News & Updates


Emma Arcari

Published byEmma Arcari

20th December 2022


In the first case in which it considered whether company directors have a duty to take creditors’ interests into account, the Supreme Court has provided important practical guidance.

BTI 2014 LLC v Sequana SA [2022] UKSC 25 is an important examination of company law and, as Lord Reed stated, provides guidance “of considerable practical importance to the management of companies”.

The case is the first time the Supreme Court has determined whether company directors owe a duty to consider, or act in accordance with, the interests of the company’s creditors in relation to the company becoming insolvent, or approaching or risking insolvency.

Facts of the case
The issues arose in 2009 when the directors of a UK company, AWA, approved a £135 million dividend to its sole shareholder, Sequana SA. Payment was made by set off against an intra-company debt owed to AWA by Sequana. Shortly afterwards, AWA was sold. At the time of the dividend AWA was solvent; however there existed, as its directors knew, contingent (though unquantified) liabilities from pollution in the USA. There was therefore a real risk that AWA could become insolvent in the future, although insolvency was not imminent or deemed probable.

When AWA became insolvent in 2018, BTI, who were creditors, started to question the legitimacy of the dividend payment in 2009, in particular given the knowledge of the possible future liabilities and the imminent sale of AWA.

The questions for the court were: (1) Is there a common law “creditor duty”? (2) Can a “creditor duty” apply to an otherwise lawful dividend? (3) What is the extent of a “creditor duty” and when does it arise?

The judgment
The Supreme Court unanimously dismissed BTI’s appeal, stating that AWA’s directors were not at the time of payment of the dividend under a duty to consider or act in accordance with the interests of the creditors (in the circumstances of this appeal). The majority judgment was provided by Lord Briggs, who used the term “creditor duty” as a “convenient label”, but agreed with Lord Reed that it was “in truth an aspect (where it arises) of the director’s fiduciary duty to the company, rather than a free-standing duty of its own”.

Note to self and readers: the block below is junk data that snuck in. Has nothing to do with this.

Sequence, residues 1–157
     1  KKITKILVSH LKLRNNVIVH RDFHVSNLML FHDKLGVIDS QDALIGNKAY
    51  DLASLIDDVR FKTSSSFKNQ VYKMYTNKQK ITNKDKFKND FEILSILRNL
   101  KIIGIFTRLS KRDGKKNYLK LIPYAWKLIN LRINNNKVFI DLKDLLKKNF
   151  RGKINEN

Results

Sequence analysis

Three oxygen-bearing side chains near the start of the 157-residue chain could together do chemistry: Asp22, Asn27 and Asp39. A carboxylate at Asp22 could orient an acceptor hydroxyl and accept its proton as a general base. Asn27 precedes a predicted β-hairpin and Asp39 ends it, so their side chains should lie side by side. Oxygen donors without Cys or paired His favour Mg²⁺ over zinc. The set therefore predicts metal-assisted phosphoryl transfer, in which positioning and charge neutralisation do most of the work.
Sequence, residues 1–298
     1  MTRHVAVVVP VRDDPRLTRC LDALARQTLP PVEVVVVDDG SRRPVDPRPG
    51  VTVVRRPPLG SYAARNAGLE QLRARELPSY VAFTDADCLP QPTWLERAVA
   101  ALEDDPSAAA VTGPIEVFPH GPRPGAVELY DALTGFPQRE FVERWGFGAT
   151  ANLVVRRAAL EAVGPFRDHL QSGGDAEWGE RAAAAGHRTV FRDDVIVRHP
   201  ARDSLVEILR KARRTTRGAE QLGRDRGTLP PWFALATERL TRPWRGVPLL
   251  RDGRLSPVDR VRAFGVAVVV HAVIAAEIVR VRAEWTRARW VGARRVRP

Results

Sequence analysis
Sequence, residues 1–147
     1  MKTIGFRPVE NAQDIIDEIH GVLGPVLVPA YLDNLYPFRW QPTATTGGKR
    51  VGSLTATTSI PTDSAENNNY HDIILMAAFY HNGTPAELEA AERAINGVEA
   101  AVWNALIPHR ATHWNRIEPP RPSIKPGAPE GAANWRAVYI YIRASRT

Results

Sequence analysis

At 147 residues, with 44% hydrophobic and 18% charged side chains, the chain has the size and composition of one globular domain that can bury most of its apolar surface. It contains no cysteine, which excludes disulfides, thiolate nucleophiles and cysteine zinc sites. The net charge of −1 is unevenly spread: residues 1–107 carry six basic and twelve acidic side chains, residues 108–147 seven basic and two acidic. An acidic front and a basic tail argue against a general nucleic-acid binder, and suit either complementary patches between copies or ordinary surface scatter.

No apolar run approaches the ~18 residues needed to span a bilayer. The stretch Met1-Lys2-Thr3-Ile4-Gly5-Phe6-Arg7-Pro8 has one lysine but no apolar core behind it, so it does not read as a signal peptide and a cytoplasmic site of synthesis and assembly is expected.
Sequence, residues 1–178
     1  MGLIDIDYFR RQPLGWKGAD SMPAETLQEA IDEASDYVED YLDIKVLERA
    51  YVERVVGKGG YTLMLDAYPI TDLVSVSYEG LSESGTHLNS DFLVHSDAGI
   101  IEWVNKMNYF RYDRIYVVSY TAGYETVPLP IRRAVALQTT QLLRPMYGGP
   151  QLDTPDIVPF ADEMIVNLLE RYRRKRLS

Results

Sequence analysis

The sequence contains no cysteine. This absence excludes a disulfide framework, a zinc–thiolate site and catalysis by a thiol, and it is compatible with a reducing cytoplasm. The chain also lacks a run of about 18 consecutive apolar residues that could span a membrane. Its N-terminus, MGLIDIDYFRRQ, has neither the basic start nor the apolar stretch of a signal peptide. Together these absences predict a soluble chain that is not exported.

(1) Is there a common law creditor duty?
The Supreme Court determined yes, and considered that s 172(1) of the Companies Act 2006 can be modified in certain circumstances. Section 172(1) requires the directors to act in the way they consider, in good faith, would be most likely to promote the success of the company for the benefit of its members as whole. The modifications are that the company’s interests are taken to include the interests of its creditors as a whole. The court considered that this was supported by a long line of case law, together with the recognition of the duty in s 172(3), and also the principled justification that although creditors always have an economic interest in a company’s assets, that interest increases in importance when a company is insolvent or nearing insolvency.

It was held that the shareholder ratification principle does not prevent the existence of the creditor duty (as there cannot be ratification of a transaction entered into when a company is insolvent, or that would make the company insolvent). There is also no conflict with s 214 of the Insolvency Act 1986 in relation to wrongful trading.

(2) Can the creditor duty apply in relation to an otherwise lawful dividend?
The Supreme Court held yes, for two reasons. First, part 23 of the 2006 Act, governing the declaration and payment of dividends, was held as subject to any rule of law to the contrary. As the creditor duty is part of the common law and recognised by s 172(3), it is not excluded. Secondly, part 23 dictates that whether profits are available for distribution depends on whether there is a surplus on the company’s balance sheet. However a decision to pay a dividend that is lawful under part 23 may still be in breach of duty, where a company is cash flow insolvent as opposed to balance sheet insolvent. As Lord Briggs stated, this would result in a “foolhardy risk to the long-term success of the company”.

(3) What is the extent of the creditor duty and when does it kick in?The court considered that the “creditor duty” was a balancing act. Where a company is insolvent or bordering on it (but not facing inevitable insolvency), the directors should consider creditor interests and balance them against those of the shareholders where there is conflict. In short, the greater the risk of insolvency, the more weight should be given to creditor interests. However, where a company is irretrievably insolvent, the creditors’ interests take precedence as the shareholders cease to retain any valuable interest in the company. Lord Briggs noted this as consistent with s 214 of the 1986 Act.

A majority of the court held the creditor duty applies when the directors know or ought to know that the company is insolvent or bordering on insolvency, or insolvency is probable.

The case provides helpful guidance on what can be a tricky area, and confirms that directors’ liability does not extend to where there is only a risk of insolvency (as opposed to actual, bordering or probable insolvency). Questions remain unanswered as to, for example, whether it is essential that the director knows or ought to know of said insolvency status (though keeping up to date with current events is a given). In practical terms, directors will still encounter difficult decisions in ascertaining exactly when on the scale the creditor duty kicks in.


This article was originally published in the Journal of the Law Society of Scotland on 12th December 2022

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